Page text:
Circle of Confusion, or COC, is a term for an optical spot caused by a cone of light rays from a lens not coming into perfect focus when imaging a point source; it is also referred to as a “blur circle.” Four aspects that are lacking are the contact point, focus, accommodation and the pin point. It’s also an appropriate analogy for the confusion patients sometimes experience during their visit to an optical practice. If we consider their whole experience, we must begin with the moment they first contact your office by phone or in person, followed by the conversations at the front desk, the exam and discussion with the OD, and finally to the dispensing room and the decisions required of them when choosing lenses and frames.
In an ideal world, our goal is always to serve patients with professional expertise from the start; properly recognizing them by name and with affection and to educate them and counsel their individual needs during the exam with our complete attention. Then we gently guide them to the optician who is prepared with all information needed to solve their eyewear problems. Superior lenses are recommended with confidence, care and concern for the best needs of your patient, and they always purchase the best products. When this happens, then the whole experience looks like a perfect O, a complete Circle of Care, Communication and Clarity. Not an incomplete Circle of Confusion that looks like this C.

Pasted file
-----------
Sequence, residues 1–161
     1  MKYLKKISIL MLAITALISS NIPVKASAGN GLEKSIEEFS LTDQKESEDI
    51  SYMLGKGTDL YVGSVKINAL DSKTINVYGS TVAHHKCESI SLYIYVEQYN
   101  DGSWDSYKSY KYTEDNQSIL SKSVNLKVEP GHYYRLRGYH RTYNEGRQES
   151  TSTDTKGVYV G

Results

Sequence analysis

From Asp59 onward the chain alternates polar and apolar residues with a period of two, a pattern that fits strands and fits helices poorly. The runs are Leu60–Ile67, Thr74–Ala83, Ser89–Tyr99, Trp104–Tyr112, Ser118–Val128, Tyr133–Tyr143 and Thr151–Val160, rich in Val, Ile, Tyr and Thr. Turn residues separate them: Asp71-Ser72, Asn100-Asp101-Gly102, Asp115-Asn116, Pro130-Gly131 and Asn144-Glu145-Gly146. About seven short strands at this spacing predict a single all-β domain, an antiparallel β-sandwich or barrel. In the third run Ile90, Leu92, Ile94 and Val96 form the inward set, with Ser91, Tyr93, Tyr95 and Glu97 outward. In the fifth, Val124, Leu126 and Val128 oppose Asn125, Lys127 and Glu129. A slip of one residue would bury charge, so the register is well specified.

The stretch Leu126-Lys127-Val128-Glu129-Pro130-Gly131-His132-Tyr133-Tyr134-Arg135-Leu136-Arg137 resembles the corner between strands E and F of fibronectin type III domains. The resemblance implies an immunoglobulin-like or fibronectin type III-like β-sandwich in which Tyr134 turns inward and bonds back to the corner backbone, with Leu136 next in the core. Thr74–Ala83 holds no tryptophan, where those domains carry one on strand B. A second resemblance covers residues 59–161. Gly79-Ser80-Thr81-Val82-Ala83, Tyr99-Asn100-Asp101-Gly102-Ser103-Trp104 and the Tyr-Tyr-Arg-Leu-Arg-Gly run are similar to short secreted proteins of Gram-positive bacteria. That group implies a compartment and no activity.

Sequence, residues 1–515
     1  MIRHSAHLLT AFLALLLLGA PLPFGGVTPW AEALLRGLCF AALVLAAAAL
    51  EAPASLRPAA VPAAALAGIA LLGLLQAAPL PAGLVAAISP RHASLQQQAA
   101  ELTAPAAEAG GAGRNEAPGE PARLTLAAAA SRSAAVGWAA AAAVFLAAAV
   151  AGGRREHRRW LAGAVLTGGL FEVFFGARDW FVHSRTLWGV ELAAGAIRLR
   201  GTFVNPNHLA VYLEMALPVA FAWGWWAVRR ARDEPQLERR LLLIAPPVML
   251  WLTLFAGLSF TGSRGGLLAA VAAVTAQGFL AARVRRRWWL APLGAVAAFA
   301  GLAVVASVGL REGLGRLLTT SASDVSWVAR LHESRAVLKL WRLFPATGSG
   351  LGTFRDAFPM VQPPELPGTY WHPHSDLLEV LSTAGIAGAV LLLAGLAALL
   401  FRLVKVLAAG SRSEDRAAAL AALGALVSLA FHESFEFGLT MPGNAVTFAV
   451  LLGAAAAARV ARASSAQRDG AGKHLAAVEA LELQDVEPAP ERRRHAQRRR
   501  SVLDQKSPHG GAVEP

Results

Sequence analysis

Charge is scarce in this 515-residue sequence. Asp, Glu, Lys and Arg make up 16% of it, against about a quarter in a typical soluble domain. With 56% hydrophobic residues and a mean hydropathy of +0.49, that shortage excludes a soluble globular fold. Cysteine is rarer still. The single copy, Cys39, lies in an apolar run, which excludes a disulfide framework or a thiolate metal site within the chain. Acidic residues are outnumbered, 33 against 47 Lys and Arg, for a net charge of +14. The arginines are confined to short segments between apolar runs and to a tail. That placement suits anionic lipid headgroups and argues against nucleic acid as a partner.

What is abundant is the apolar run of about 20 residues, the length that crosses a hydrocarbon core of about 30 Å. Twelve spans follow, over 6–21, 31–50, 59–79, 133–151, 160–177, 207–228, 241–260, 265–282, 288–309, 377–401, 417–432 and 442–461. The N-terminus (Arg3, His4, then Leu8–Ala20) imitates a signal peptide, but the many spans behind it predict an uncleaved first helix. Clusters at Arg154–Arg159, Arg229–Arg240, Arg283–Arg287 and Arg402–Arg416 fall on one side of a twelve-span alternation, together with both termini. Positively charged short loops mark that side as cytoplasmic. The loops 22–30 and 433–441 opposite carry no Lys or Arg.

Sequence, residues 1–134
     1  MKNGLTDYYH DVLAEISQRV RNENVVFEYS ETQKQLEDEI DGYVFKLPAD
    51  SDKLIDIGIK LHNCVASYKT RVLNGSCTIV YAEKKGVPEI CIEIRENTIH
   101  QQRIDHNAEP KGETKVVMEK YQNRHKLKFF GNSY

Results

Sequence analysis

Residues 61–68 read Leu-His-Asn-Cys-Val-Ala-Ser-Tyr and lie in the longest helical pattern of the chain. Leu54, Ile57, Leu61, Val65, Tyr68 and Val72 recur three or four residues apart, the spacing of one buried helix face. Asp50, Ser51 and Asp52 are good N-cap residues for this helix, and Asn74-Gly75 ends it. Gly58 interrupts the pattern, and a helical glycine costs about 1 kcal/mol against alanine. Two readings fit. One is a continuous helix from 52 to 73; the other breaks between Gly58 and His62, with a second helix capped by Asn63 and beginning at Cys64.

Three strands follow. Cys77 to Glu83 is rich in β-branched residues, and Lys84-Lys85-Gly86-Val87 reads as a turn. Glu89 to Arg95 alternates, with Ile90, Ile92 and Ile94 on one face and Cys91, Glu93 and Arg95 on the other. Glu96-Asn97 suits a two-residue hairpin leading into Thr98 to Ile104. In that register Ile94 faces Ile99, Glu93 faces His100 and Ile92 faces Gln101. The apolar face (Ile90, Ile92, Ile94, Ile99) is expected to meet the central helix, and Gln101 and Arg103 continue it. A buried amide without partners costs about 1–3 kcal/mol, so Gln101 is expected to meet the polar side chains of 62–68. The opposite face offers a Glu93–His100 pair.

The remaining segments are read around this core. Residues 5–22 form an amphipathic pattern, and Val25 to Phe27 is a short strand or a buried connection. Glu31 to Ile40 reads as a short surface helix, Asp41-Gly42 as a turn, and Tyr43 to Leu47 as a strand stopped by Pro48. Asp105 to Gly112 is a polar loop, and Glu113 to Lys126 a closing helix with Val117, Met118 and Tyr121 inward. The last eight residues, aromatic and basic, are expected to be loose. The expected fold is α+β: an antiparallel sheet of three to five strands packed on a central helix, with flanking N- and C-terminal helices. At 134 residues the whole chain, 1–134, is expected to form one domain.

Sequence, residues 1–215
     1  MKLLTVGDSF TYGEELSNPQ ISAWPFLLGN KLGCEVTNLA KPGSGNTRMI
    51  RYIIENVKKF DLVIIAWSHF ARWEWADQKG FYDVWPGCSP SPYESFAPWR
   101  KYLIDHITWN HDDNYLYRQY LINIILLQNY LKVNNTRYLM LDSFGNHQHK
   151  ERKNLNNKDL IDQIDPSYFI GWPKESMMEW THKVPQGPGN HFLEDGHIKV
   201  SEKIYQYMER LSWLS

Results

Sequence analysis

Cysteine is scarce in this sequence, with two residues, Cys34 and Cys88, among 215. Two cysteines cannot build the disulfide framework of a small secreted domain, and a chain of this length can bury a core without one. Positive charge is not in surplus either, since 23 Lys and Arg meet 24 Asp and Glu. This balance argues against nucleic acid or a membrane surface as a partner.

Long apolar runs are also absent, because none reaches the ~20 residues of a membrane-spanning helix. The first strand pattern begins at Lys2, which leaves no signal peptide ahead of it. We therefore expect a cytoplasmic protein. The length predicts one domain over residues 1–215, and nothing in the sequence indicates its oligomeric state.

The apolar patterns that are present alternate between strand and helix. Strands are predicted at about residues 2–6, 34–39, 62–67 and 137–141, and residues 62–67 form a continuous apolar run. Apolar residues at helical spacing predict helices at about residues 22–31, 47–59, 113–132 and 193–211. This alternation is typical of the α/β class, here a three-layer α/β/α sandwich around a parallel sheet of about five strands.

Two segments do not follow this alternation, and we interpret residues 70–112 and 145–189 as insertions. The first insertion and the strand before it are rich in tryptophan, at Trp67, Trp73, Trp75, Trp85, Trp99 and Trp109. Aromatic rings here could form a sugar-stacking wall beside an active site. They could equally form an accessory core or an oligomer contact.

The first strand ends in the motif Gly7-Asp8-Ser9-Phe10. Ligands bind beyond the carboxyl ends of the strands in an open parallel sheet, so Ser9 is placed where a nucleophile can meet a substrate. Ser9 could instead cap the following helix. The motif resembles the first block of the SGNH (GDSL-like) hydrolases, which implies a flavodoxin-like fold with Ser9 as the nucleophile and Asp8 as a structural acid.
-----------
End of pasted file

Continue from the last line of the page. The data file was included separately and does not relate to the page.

COCs have openings that leak care and communication. You’ve missed the mark in focusing fully on your patient somewhere in the circle of their time spent in your office. If your services (and sales!) are reflecting a lack of confidence from your patients, consider where Circles of Confusion exist. Consider my 4 Point Formula for Focused Sales Success; it will help you ensure your office is free of blind spots in your patient care.
1. Contact Point
4. Pin Point
In next month’s issue we will dig deep into point one — Contact Point — to explore all the ways to improve your patients’ experience the minute they begin their interaction with your practice.